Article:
But that's a complicated endeavor that involves leagues and other stakeholders, so it doesn't sound like it would happen anytime soon. In the mean time, fans who "cut the cord" and jumped to streaming services for lower-cost access to sports are left in limbo and without the channel they really want — bringing me to the second thing happening.

Those streaming services are already raising prices from early rates intended to lure in viewers. Hulu started at $39.99 a couple years ago. Last week, it made another in a series of price hikes to $64.99. If enough subscribers are sticking with streaming services even as they drop channels and raise prices, what's their incentive to negotiate with Sinclair for expensive rights that might push their prices even higher?

The net effect might be to push fans who can't do without watching their home teams — at least those not willing to explore the somewhat risky world of illegal streaming — back to more expensive cable or satellite options. I'm mulling such a thing because, as a Hulu subscriber, my job becomes harder if I don't have the option to watch the almost 100% of Wolves, Wild and Twins games (plus many United and Lynx games) shown on FSN.

I had Sling TV before they dropped RSNs more than a year ago, at which point I added Hulu. A more expensive two-year commitment where I (hopefully) don't have to worry about losing FSN again is tempting as I grow weary of this game of Whac-A-Mole, but I'm also curious about a standalone FSN streaming product that could arrive sometime in 2021.

All of this is a VERY small problem in the grand scheme of things, but it is also frustrating as a consumer to be caught in the middle of a leverage battle. Judging by the number of emails I get, a lot of you are frustrated as well.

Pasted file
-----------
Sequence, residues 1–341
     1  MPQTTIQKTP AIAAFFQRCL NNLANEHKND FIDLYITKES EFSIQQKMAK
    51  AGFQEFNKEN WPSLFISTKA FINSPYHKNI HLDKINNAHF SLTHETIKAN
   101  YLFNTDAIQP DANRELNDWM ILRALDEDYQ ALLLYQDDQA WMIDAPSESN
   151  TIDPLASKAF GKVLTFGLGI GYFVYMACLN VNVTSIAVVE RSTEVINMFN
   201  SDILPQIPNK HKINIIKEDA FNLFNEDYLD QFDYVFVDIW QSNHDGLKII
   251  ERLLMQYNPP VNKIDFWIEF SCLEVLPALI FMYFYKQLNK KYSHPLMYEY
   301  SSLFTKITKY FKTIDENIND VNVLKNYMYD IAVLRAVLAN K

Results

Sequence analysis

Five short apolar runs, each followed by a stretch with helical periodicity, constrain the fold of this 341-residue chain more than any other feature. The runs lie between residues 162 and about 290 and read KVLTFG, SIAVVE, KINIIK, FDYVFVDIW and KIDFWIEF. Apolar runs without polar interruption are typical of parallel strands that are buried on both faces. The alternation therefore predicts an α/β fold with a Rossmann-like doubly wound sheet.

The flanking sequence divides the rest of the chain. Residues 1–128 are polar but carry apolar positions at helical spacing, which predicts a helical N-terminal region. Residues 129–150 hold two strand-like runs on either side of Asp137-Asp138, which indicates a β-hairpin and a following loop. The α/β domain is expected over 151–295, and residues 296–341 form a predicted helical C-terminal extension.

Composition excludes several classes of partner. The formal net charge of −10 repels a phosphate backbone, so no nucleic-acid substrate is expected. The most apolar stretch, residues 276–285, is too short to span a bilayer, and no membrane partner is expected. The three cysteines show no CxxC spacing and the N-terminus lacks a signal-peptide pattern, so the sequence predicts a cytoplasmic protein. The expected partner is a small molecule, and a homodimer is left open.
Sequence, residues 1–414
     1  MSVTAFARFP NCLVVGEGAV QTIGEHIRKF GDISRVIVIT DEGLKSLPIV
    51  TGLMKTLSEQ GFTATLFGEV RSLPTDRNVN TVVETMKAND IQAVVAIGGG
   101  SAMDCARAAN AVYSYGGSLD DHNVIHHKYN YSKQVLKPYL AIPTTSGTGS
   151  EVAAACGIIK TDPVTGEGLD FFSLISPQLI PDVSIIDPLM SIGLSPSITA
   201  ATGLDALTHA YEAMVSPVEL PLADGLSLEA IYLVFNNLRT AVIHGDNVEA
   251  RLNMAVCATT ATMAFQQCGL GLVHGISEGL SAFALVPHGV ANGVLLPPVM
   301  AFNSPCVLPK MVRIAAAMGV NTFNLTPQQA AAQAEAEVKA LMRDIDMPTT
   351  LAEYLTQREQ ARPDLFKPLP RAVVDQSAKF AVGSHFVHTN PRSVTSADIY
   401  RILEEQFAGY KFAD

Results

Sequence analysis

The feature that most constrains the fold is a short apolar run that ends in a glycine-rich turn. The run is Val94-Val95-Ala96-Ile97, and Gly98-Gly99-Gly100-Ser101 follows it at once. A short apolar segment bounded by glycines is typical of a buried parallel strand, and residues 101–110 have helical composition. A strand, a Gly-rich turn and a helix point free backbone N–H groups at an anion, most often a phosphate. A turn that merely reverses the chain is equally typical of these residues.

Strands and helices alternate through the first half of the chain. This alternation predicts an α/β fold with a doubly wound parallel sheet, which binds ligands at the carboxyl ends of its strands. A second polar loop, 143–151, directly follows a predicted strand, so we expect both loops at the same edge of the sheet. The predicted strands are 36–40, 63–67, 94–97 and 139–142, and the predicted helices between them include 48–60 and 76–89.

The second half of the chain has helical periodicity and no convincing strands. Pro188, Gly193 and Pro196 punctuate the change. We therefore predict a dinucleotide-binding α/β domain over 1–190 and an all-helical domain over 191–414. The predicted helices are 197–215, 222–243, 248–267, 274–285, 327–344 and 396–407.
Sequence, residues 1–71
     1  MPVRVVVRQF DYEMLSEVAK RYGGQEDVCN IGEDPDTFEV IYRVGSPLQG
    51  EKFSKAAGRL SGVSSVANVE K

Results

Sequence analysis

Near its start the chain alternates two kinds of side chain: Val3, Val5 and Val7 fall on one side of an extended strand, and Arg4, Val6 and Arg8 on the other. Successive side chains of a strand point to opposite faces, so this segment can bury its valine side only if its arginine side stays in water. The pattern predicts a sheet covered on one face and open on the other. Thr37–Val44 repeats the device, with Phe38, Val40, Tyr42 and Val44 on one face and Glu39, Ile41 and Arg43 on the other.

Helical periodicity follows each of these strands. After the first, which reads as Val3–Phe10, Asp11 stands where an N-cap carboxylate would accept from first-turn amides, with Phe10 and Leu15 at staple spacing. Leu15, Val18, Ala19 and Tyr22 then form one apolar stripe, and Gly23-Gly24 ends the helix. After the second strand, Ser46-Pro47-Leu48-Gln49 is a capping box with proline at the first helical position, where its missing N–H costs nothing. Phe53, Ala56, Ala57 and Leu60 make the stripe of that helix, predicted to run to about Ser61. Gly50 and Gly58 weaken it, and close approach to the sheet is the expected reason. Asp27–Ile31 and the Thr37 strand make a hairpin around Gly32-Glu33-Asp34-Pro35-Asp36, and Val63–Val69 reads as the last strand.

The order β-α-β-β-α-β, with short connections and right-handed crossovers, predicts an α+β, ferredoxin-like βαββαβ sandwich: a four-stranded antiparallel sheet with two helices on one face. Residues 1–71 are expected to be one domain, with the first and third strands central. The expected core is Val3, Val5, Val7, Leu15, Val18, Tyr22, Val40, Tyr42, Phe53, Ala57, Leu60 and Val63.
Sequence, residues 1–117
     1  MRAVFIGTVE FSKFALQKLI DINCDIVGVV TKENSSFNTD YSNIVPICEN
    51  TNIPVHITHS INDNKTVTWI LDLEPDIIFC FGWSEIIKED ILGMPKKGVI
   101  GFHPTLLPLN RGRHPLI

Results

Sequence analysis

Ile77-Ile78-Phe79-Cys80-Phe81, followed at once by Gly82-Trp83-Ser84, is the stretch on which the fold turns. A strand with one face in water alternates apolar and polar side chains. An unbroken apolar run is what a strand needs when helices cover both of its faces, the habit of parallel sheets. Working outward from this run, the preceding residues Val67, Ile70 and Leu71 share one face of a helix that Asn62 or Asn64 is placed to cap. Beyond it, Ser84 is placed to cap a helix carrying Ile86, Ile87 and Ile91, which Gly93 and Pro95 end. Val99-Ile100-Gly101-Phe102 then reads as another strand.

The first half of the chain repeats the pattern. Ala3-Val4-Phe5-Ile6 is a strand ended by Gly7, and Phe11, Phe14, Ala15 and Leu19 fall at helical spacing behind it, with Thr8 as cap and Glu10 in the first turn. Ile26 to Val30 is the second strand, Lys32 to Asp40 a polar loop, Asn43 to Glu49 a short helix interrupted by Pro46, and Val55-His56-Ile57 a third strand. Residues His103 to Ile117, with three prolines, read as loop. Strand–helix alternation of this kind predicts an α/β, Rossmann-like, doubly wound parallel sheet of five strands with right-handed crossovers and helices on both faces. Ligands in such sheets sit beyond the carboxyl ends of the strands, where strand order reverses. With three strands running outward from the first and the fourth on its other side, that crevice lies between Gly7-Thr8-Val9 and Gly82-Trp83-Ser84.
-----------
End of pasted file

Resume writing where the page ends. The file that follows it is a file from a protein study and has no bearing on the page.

Maybe the only way we truly "win" is to drop everything altogether for a while.

Here are four other things I'm thinking about:

*As noted above, the Wolves open their season Wednesday night. That naturally leads me to think about the Michael Lewis book "Boomerang" — about the aftermath of the economic collapse a decade ago — which I just finished. Wait, what?

Hear me out. In it, he travels to several impacted countries in economic disarray. Ireland is one of them. As part of an anecdote, Lewis describes how many Irish people believe fairies exist. They might not outright admit it, but in their hearts they do — and the ultimate reason is, perhaps, that the upside of believing outweighs the upside of not believing.

If you are a Wolves fan with eternal optimism despite one playoff appearance since 2004, this might describe you.

*Speaking of the Wolves, if you haven't read Chris Hine's story on the challenging season ahead for Karl-Anthony Towns as he forges on following a devastating offseason, you should go do that now.

*The defending champion Lakers lost to the Clippers on Tuesday's NBA opening night. Then again, they were playing on perhaps the most challenging night of the year. Just ask an expert who has had to endure the burden four times:

*In the other Tuesday NBA opener, the Nets routed the Warriors 125-99. It was, to say the least, a rough opener for former Wolves wing Andrew Wiggins: 4 for 16 shooting, 13 points, two rebounds and one assist for a minus-28 in 31 minutes.